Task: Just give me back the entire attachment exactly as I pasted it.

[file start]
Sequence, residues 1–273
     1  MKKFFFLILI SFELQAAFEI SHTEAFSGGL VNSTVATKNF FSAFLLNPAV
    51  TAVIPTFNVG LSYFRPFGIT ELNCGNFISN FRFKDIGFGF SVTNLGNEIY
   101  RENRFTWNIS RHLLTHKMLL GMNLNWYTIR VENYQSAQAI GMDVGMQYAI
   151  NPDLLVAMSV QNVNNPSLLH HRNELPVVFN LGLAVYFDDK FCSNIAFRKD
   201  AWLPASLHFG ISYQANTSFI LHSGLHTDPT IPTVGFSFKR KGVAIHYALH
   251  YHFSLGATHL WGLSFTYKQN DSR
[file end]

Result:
Sequence, residues 1–273
     1  MKKFFFLILI SFELQAAFEI SHTEAFSGGL VNSTVATKNF FSAFLLNPAV
    51  TAVIPTFNVG LSYFRPFGIT ELNCGNFISN FRFKDIGFGF SVTNLGNEIY
   101  RENRFTWNIS RHLLTHKMLL GMNLNWYTIR VENYQSAQAI GMDVGMQYAI
   151  NPDLLVAMSV QNVNNPSLLH HRNELPVVFN LGLAVYFDDK FCSNIAFRKD
   201  AWLPASLHFG ISYQANTSFI LHSGLHTDPT IPTVGFSFKR KGVAIHYALH
   251  YHFSLGATHL WGLSFTYKQN DSR